Thursday, September 6, 2018

Drones Become Ever More Useful in the Container Environment and Wider Logistics Trade  

Eyes in the Skies Monitor Safety and Security

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Shipping News Feature CHILE – In the dozens of articles we have published regarding the use of drones in the logistics sector we have seen them deployed as inventory and security scanners in environments such as railway freight yards, deliverers of emergency medical supplies to remote communities and inspectors of marine cargo tanks. Now at APM Terminals' inland services facilities in San Antonio and Santiago in Chile, where safety supervisors previously monitored activities on the ground, the latest technology is enabling their work to be done more effectively and safely, with the container handling group amongst the first to use drones in a shipping environment.

In their drive for security and to drive operational efficiency the APM drones can be clearly seen in the air above the company’s facilities, moving about their various tasks. Hector Espinoza, Director for Latin America at APM Terminals' subsidiary Container Operators, commented:

“Our safety supervisors are the ones tasked with keeping the people and activities at our facilities safe, but by doing their jobs next to container stacks, trucks and other machinery, they were exposed to the highest risks. I knew the mining industry was having success with drones for safety, so we started testing it out."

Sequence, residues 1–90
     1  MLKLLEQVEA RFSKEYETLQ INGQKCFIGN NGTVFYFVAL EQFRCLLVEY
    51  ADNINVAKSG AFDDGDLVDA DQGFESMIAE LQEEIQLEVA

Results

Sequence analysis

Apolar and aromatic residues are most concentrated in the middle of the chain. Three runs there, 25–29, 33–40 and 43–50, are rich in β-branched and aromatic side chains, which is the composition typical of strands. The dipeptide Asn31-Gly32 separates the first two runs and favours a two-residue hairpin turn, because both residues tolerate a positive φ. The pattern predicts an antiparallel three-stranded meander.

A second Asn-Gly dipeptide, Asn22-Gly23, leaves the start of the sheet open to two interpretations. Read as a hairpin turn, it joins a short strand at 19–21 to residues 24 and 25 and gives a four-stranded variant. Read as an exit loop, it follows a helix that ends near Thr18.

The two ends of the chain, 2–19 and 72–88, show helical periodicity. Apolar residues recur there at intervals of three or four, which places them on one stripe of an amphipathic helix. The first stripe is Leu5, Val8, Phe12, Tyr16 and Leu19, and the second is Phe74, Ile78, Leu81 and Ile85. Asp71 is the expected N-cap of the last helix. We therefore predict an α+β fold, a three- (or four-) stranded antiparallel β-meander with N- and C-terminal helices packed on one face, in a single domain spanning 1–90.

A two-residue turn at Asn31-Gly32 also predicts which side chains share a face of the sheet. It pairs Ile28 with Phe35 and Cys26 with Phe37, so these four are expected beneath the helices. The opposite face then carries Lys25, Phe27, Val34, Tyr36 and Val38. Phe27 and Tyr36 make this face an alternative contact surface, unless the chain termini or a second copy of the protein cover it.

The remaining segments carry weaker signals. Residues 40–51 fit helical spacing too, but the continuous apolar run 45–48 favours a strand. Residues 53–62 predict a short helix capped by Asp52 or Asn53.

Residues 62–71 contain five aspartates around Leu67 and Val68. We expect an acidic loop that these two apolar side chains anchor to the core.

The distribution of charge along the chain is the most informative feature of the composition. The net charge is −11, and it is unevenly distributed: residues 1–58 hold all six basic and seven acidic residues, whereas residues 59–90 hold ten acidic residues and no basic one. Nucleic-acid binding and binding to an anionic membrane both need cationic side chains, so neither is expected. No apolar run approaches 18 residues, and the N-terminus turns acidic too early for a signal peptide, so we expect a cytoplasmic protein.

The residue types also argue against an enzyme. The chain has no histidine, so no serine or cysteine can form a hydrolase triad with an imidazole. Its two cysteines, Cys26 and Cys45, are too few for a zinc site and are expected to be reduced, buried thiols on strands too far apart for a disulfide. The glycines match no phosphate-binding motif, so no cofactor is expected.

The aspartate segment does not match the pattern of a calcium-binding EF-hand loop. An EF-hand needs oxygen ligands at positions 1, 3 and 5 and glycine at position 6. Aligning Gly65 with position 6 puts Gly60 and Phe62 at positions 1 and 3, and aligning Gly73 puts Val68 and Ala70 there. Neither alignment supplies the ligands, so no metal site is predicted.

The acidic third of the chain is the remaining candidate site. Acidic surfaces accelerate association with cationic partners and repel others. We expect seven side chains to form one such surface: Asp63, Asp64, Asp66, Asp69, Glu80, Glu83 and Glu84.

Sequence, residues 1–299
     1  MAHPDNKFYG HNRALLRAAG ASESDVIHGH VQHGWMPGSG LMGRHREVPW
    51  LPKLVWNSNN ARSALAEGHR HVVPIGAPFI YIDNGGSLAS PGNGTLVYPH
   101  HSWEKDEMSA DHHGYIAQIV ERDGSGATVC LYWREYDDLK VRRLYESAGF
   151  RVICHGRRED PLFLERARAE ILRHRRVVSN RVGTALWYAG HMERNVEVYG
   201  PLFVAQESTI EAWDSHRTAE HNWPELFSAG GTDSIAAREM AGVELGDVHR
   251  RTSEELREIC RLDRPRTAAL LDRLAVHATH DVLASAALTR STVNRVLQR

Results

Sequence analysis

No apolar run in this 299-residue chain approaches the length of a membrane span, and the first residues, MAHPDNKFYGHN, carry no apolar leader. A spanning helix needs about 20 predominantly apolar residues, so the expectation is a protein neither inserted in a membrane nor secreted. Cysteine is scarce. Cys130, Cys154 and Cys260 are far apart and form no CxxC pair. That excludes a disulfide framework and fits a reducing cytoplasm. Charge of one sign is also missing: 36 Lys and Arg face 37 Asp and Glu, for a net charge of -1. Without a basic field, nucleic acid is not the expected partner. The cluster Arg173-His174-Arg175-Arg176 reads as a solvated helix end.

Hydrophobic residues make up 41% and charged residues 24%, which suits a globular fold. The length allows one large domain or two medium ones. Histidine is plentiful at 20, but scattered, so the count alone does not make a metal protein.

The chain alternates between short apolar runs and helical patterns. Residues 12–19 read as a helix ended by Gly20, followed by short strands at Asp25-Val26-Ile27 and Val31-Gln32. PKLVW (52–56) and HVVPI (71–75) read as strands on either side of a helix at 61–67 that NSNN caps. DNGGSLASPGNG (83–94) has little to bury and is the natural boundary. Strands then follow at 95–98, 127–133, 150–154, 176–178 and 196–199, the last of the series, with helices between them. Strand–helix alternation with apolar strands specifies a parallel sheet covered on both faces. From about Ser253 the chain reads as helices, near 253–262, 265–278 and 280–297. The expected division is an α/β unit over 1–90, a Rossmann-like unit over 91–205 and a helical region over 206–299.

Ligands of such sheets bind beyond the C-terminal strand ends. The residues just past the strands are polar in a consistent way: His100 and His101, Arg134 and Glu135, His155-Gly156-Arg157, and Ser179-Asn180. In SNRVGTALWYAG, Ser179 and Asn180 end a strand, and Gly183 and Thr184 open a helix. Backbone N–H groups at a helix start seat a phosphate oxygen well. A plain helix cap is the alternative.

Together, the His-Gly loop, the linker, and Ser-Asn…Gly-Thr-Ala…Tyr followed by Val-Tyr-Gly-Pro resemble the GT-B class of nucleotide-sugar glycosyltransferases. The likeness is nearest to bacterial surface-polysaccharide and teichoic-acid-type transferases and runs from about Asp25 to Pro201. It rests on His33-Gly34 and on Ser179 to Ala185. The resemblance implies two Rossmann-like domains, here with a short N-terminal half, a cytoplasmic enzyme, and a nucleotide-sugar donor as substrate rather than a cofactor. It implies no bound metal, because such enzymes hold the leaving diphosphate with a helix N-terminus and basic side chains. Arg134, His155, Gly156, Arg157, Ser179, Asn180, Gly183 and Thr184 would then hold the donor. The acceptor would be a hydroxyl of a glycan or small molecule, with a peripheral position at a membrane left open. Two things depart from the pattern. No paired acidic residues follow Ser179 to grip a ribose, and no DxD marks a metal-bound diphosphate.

Work began in 2016 to implement the use of drone technology in the day-to-day operations at the facilities, having been used periodically to film the site's operations, monitor traffic flows and container stack efficiency as well as for observing unsafe behaviour, such as truck drivers leaving their cabins. Now operations can be documented and analysed from above, a viewpoint that was previously unavailable.

Three drones are being operated, one in Santiago and two in the company's larger facility in San Antonio. Safety supervisors are able to focus on workshops and areas with less machine traffic. Other risks, such as high container stacks, are also monitored. All visitors to the terminal are required to agree to the facility's safety policies, which outline the rules in force as well as the presence of the drone. Earlier versions of the drone were only equipped with a camera but now each unit has sensors for night-time flying as well as a speaker to communicate directly with people on the ground.

The drones are guided by geofencing - a route map for flying. The pilot has a live-stream view, so he can make phone calls to the necessary people or even fly in and use the speakers to inform a truck driver that they need to get back into their truck. Espinoza added:

“Since the arrival of the drones, visibility of terminal operations has improved considerably and 'hot spots', such as traffic flow, container stack efficiency and unsafe behaviour can be identified instantly. Blind-spots between high-density container stacks now are totally visible from a bird's eye view."

The management team in Chile has plans to systematically review all critical tasks using the drone. This low-cost initiative to reinforce the company's commitment to safe operations is expected to quickly catch on at other APM Terminals' locations, and indeed visitors to many cargo handling sites around the globe can look forward to seeing the ‘eyes in the sky’ monitoring a variety of procedures as they go about their business.

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